Key: ORR – overall response rate; OS – overall survival; PFS – progression-free survival; TTP – time to progression.


Cost Considerations for NGS

With more efficacy data associated with precision medicine on the horizon, the need for cost data associated with NGS becomes increasingly evident. As there are a multitude of different types of testing technologies available to determine a patient’s potential ability to benefit from targeted therapy, HTA agencies, payers, and policymakers will need to be informed on the most cost-effective strategy to align patients with the correct therapy. As a result, some key questions surrounding costs that stakeholders will need to address with regard to NGS include:

  • How will utilizing NGS affect total healthcare costs?
  • What additional data will manufacturers need to produce to support the pricing of targeted therapies resulting from NGS use?
  • What type of cost-effectiveness measure, cost per life-year gained, or cost per quality-adjusted life-year (QALY)—or a different measure—should be used to capture the value of NGS?
  • How does the cost-effectiveness and value of NGS compare to using a single mutation test?

Gaps in the Current HTA Reviews of NGS

NGS as a diagnostic, prognostic, and therapeutic guidance technology has not been assessed by most HTA agencies to date. The HTAs agencies that have assessed NGS have concluded that there is not enough evidence to support its cost-effectiveness or use in clinical practice. Although CMS has made a coverage determination for NGS, both patients and the NGS test used must meet strict requirements for coverage. Therefore, there is a distinct need for both data supporting NGS technology as well as guidelines for implementation and appropriate use of such technology in clinical practice to guide HTA agencies and policy decision makers in the future.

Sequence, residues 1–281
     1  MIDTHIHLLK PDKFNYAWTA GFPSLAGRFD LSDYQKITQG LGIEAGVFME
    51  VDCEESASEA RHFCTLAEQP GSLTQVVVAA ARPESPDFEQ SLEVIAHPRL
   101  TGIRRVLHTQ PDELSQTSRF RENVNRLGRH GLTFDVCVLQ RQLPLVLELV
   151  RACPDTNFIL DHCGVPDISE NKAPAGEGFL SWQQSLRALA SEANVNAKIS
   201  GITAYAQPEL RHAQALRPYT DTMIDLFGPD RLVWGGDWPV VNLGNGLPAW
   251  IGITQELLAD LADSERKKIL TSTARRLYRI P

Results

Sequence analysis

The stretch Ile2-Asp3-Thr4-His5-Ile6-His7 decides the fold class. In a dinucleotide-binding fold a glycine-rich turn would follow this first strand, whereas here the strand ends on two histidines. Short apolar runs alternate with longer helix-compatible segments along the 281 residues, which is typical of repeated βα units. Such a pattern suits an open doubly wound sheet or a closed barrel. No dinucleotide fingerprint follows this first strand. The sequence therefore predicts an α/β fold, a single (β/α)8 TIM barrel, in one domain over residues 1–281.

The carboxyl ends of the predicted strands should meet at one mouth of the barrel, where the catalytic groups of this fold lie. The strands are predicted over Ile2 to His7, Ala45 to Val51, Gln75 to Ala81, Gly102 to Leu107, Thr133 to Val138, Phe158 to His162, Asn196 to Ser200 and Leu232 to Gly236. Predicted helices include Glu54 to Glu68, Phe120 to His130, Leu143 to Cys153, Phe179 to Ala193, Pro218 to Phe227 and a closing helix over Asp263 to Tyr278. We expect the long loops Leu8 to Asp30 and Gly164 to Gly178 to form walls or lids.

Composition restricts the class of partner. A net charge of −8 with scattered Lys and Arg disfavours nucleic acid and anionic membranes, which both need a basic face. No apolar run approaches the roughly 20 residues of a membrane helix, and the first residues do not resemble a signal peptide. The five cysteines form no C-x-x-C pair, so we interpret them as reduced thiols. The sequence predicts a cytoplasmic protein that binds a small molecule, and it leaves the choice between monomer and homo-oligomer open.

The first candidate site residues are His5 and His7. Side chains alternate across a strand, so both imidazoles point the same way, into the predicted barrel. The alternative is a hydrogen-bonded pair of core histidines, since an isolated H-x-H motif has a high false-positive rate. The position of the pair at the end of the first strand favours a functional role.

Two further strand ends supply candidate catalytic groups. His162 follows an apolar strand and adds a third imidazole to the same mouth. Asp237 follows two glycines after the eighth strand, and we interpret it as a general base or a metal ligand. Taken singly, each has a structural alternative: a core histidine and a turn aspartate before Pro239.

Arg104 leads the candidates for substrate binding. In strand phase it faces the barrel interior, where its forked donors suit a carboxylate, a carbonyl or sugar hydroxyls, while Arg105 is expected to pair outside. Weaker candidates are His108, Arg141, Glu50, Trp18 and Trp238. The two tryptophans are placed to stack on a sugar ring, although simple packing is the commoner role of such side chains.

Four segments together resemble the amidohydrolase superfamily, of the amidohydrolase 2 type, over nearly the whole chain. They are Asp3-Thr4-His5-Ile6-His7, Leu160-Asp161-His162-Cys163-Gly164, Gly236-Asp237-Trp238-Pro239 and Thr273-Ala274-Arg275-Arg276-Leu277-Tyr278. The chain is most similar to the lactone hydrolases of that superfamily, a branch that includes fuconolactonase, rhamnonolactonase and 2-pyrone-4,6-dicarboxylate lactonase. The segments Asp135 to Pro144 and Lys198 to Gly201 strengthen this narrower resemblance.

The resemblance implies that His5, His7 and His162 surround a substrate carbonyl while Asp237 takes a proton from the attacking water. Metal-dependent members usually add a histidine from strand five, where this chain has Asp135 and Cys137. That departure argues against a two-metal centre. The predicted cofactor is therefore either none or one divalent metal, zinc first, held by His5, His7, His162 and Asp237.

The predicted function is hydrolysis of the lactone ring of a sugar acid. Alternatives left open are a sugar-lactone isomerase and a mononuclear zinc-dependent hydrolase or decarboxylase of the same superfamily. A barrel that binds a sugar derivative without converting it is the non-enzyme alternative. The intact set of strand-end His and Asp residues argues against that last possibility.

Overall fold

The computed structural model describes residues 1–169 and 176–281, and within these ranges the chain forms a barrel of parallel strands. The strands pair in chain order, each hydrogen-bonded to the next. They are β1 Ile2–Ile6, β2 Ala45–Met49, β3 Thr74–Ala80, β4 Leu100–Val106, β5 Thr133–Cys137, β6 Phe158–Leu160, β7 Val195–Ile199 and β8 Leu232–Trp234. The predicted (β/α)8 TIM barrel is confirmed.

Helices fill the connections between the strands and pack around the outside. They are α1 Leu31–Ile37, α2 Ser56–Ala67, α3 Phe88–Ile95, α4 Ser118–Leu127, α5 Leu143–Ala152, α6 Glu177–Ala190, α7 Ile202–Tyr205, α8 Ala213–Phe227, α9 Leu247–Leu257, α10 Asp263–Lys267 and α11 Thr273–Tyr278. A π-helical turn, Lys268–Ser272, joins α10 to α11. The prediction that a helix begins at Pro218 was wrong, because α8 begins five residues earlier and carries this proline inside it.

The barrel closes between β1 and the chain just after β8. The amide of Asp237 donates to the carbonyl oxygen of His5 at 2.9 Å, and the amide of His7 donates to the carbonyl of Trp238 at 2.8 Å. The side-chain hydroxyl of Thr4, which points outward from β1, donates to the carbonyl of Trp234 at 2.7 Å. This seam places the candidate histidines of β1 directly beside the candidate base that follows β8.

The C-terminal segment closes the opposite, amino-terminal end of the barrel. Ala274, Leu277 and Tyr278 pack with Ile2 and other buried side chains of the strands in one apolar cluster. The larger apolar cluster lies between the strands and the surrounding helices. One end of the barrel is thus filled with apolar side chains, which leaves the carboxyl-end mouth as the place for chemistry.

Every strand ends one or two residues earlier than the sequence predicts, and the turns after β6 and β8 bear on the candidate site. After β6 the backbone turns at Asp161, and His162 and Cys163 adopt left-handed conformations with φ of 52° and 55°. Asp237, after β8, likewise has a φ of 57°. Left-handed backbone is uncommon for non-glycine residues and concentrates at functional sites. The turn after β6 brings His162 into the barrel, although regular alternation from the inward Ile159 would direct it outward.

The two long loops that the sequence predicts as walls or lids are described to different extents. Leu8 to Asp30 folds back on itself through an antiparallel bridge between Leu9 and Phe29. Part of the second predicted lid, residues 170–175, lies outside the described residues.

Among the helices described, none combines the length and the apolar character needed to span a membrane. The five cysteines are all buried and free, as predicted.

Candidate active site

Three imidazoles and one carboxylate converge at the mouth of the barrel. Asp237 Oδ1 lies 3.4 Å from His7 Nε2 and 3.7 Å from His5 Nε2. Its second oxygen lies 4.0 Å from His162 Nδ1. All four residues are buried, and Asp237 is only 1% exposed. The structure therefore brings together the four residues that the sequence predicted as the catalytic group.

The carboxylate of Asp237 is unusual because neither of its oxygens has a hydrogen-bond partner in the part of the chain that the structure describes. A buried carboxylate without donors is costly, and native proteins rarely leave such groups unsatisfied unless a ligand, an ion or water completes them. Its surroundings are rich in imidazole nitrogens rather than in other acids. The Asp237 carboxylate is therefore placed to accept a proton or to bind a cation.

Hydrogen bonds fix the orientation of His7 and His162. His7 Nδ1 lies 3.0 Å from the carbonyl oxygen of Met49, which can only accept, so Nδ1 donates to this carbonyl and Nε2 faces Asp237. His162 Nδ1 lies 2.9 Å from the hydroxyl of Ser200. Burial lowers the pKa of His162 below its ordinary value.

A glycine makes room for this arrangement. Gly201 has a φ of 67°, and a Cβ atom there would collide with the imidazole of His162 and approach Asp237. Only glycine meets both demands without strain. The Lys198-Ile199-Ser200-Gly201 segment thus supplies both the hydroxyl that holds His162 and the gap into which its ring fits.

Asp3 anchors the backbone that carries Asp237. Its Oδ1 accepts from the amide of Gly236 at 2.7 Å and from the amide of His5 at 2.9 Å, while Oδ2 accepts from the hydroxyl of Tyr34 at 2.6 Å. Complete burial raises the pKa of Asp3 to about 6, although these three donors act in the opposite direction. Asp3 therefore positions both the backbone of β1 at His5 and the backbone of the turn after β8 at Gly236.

As the realm of precision medicine within oncology continues to expand, the need for information surrounding the appropriate use and value of genomic alteration testing technology, including NGS, becomes more apparent. While few HTA agencies have addressed NGS technology, this is likely to change as more efficacy data associated with precision medicine become available. What remains to be seen is how this information will help in distinguishing between various types of testing in order for HTA agencies and payers to make decisions regarding the use of various testing strategies within oncology clinical practice. There is a distinct need for comparative data analyzing the cost-effectiveness of the various testing strategies to inform policymaking regarding NGS testing.

For further information about this topic, please also see the article on tumor-agnostic therapy assessment in this issue of HTA Quarterly.



The article should be referenced as follows: 

Pollack M, Sorenson F, Redekop K, Campbell C. Review of HTA Frameworks and Decisions for Next-Generation Sequencing in Precision Oncology. HTA Quarterly. Summer 2019. August 27, 2019.